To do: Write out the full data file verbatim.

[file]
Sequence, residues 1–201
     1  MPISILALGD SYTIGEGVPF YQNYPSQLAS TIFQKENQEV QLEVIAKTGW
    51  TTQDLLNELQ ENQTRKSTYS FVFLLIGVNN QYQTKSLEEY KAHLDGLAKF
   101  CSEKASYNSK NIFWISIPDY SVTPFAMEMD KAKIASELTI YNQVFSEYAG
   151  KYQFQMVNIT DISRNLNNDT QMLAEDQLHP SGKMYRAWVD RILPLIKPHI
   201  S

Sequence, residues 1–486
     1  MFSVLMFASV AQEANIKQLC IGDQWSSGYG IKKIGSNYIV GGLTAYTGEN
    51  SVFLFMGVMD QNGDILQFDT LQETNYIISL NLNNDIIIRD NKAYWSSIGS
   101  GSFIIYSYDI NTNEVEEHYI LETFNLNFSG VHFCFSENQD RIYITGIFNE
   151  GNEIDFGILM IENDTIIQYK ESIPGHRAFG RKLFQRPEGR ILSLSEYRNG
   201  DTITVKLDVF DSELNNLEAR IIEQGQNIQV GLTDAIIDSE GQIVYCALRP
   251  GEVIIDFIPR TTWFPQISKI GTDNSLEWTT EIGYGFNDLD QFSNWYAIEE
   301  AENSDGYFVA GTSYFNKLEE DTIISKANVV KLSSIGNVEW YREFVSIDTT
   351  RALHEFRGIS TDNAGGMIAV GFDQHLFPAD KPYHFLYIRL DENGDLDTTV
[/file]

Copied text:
Sequence, residues 1–201
     1  MPISILALGD SYTIGEGVPF YQNYPSQLAS TIFQKENQEV QLEVIAKTGW
    51  TTQDLLNELQ ENQTRKSTYS FVFLLIGVNN QYQTKSLEEY KAHLDGLAKF
   101  CSEKASYNSK NIFWISIPDY SVTPFAMEMD KAKIASELTI YNQVFSEYAG
   151  KYQFQMVNIT DISRNLNNDT QMLAEDQLHP SGKMYRAWVD RILPLIKPHI
   201  S

Sequence, residues 1–486
     1  MFSVLMFASV AQEANIKQLC IGDQWSSGYG IKKIGSNYIV GGLTAYTGEN
    51  SVFLFMGVMD QNGDILQFDT LQETNYIISL NLNNDIIIRD NKAYWSSIGS
   101  GSFIIYSYDI NTNEVEEHYI LETFNLNFSG VHFCFSENQD RIYITGIFNE
   151  GNEIDFGILM IENDTIIQYK ESIPGHRAFG RKLFQRPEGR ILSLSEYRNG
   201  DTITVKLDVF DSELNNLEAR IIEQGQNIQV GLTDAIIDSE GQIVYCALRP
   251  GEVIIDFIPR TTWFPQISKI GTDNSLEWTT EIGYGFNDLD QFSNWYAIEE
   301  AENSDGYFVA GTSYFNKLEE DTIISKANVV KLSSIGNVEW YREFVSIDTT
   351  RALHEFRGIS TDNAGGMIAV GFDQHLFPAD KPYHFLYIRL DENGDLDTTV